using visible-wavelength cameras, infrared and UV spectrometers, radio
waves, and more. Using this information, scientists will be able to answer
important questions about these previously unexplored celestial bodies.

"Pluto and the Kuiper Belt comprise the unexplored frontier of the solar
system, and hold many secrets about how the solar system, and thus humanity
itself, came into being," Spencer says. "New Horizonswill help us to unlock
these secrets."

After years of reviewing mission proposals, NASA on Nov. 29 selected the New
Horizonsteam to lead the Pluto-Kuiper Belt mission. The team is lead by
Principal Investigator Dr. S. Alan Stern of the Southwest Research Institute
in Boulder, Colo. The team also includes members from the John Hopkins
University Applied Physics Lab, Laurel, Md., Ball Aerospace Corp., Boulder,
Colo., Stanford University, Palo Alto, Calif., and NASAÕs Goddard Space
Flight Center, Grennbelt, Md., and Jet Propulsion Laboratory, Pasadena,

For more information about the Pluto-Kuiper Belt mission, visit


Will Grundy joined Lowell Observatory’s staff in 1997 as a Hubble
Postdoctoral Fellow. As a leading expert in the remote sensing of icy and
organic materials in the outer solar system, Grundy has made state-of-the
art contributions both in laboratory studies of cryogenic ices and in the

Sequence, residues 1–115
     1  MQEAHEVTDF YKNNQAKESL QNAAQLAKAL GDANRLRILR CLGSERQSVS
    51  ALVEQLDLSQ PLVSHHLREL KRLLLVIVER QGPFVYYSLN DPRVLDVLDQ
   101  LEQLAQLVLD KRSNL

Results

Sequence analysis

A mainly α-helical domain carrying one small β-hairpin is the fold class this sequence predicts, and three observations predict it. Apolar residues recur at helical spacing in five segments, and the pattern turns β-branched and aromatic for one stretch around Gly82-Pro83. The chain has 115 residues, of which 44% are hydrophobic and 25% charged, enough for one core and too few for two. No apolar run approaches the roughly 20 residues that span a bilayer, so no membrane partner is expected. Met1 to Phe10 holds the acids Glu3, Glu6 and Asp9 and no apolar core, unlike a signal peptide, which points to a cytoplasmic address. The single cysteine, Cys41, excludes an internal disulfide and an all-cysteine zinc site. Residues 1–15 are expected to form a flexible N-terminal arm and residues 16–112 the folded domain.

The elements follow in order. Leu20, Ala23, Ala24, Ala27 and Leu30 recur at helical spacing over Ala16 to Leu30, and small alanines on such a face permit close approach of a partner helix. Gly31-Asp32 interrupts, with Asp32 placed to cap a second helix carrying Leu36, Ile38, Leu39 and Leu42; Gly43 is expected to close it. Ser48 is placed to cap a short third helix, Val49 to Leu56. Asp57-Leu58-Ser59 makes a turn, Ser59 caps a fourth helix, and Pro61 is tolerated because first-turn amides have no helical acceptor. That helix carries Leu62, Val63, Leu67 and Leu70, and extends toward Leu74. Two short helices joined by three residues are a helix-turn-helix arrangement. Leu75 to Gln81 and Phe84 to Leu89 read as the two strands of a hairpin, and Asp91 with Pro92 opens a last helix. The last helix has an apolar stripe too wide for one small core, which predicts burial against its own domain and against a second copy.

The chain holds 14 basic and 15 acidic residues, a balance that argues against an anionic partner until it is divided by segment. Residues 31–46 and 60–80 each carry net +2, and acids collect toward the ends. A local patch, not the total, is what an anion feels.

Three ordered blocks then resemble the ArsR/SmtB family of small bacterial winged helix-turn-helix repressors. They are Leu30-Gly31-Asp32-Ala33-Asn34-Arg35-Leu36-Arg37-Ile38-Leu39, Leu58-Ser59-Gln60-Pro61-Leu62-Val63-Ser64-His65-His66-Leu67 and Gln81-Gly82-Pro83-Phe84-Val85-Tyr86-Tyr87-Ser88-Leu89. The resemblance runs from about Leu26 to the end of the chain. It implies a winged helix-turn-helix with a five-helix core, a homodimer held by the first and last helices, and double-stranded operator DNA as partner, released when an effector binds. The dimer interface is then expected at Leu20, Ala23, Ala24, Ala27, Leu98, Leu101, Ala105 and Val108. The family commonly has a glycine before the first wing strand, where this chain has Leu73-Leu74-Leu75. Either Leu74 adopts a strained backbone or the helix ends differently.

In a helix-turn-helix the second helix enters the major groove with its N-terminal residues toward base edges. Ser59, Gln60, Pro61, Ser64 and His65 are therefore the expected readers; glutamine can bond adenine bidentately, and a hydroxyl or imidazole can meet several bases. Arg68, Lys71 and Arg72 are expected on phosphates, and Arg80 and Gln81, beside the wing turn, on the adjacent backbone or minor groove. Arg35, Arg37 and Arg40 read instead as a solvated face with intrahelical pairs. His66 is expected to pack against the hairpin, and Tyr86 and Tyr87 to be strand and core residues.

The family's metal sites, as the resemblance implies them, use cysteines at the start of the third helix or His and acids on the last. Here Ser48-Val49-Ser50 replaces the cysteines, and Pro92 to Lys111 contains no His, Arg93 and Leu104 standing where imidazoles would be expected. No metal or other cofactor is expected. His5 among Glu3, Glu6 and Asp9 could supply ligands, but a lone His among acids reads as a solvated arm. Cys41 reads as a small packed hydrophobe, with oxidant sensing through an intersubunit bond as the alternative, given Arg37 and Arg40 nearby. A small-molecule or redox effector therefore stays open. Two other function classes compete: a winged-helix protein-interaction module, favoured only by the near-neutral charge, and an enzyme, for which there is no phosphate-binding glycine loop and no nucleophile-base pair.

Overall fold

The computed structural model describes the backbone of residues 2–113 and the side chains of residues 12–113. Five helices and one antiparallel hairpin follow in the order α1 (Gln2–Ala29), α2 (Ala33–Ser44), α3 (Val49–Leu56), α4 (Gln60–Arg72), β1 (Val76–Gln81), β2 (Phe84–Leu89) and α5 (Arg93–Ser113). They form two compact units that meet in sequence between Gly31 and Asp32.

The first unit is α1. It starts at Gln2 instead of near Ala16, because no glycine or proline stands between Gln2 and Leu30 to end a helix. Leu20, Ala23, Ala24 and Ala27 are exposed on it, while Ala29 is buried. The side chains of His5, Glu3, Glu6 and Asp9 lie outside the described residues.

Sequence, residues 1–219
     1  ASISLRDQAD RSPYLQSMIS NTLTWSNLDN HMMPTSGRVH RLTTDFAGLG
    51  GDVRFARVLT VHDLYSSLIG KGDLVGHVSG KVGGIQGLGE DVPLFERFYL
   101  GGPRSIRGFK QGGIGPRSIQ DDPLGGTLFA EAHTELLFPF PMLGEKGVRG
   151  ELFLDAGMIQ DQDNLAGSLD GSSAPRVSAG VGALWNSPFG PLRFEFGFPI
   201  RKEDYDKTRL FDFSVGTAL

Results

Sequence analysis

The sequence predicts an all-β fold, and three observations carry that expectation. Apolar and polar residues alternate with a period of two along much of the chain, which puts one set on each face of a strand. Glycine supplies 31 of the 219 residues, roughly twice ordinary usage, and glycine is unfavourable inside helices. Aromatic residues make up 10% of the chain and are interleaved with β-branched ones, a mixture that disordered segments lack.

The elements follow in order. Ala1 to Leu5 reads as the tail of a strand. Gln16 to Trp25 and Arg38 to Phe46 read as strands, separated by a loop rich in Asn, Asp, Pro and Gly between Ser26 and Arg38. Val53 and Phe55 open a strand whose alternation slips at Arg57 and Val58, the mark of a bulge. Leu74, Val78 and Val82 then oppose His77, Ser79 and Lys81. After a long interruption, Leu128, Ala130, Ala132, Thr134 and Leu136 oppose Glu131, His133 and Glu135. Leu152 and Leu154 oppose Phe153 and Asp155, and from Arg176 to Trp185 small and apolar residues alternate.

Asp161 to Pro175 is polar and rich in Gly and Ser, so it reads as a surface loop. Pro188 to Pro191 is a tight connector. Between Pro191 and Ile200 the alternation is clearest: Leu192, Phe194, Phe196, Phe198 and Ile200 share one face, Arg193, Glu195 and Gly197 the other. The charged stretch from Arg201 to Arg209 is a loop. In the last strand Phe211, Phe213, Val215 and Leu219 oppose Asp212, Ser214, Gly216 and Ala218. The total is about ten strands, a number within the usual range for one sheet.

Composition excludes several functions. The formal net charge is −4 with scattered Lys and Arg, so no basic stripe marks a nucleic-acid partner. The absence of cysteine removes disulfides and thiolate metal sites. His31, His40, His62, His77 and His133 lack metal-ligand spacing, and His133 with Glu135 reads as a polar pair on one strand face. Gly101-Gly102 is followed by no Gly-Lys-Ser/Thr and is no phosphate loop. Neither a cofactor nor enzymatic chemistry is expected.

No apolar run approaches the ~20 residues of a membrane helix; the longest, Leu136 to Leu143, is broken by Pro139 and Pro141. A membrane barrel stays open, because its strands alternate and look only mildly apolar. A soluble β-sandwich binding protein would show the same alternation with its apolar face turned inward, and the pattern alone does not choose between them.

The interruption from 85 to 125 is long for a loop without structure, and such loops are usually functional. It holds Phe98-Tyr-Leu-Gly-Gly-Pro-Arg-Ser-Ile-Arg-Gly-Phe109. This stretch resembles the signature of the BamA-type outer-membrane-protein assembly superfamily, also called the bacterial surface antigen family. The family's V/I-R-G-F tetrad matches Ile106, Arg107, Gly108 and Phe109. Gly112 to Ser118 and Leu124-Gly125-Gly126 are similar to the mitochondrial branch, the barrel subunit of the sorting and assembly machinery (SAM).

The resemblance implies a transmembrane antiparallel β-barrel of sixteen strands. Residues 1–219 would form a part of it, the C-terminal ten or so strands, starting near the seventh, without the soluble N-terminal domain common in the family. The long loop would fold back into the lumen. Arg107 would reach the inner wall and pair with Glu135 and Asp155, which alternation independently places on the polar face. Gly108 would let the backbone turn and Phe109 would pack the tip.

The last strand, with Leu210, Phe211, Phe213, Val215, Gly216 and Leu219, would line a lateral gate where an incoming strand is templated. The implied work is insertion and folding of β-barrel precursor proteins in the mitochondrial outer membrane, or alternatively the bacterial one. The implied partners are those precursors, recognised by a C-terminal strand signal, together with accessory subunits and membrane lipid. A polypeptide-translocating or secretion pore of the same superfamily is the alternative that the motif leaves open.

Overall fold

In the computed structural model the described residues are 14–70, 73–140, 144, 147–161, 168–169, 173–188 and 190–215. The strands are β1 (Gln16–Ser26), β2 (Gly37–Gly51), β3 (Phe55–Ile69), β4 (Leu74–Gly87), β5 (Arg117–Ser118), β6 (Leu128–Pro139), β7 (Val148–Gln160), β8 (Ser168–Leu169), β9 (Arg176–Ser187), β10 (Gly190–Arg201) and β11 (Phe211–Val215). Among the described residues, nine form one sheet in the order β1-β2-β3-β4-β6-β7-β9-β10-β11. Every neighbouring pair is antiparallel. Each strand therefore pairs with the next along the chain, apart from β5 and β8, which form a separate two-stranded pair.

modeling of Pluto and Charon, icy satellite spectra and Kuiper Belt Objects.
He is widely recognized for developing sophisticated techniques for
retrieving information about temperatures and textures of outer solar system
ices. For the Pluto-Kuiper Belt mission, Grundy serves on the Surface
Composition team, and is directly responsible for producing composition and
temperature maps from data gathered by the spacecraft. In addition, he works
to ensure that the spacecraft’s instrumentation is capable of successfully
probing the surface and atmosphere of Pluto and Charon. Grundy earned his
doctorate in planetary sciences from the University of Arizona in 1995.


John Spencer joined the Lowell Observatory staff in 1991, and has been
involved in planning for the Pluto mission since 1993. A recognized expert
on the small bodies of the outer solar system, he uses data from telescopes
and interplanetary spacecraft to understand the temperatures and
compositions of these distant worlds and has a particular interest in the
seasonal migration of frosts on Pluto. He is a member of the Galileo Jupiter
Orbiter science team, studying Jupiter’s moons with the
Photopolarimeter/Radiometer (PPR) instrument, and is a science-team
associate on the Cassini Saturn Orbiter mission. He is also a frequent user
of the Hubble Space Telescope. On the New Horizons mission, he is
responsible for using images and spectra of Pluto to map surface
temperatures and understand how frost on Pluto’s surface evaporates to
generate Pluto’s atmosphere. He will be working with the rest of the team to
make sure that the spacecraft’s instruments and observations are optimized
for this task. Spencer earned his doctorate in planetary sciences from the
University of Arizona in 1987.


Lowell Observatory is a private, non-profit institution dedicated to
astronomical research. In addition to studying the Pluto-Charon system and
the Kuiper Belt, Lowell astronomers also explore comets, Near-Earth
asteroids, the sun, planetary rings, and more. The Observatory also educates
more than 70,000 people about astronomy each year through its extensive
public outreach programs. Founded in 1894, Lowell Observatory has a staff of
55, including 20 Ph.D. astronomers. Lowell operates from a 740-acre forested
campus on Mars Hill, overlooking Flagstaff, Arizona. For more information,
visit our Web site at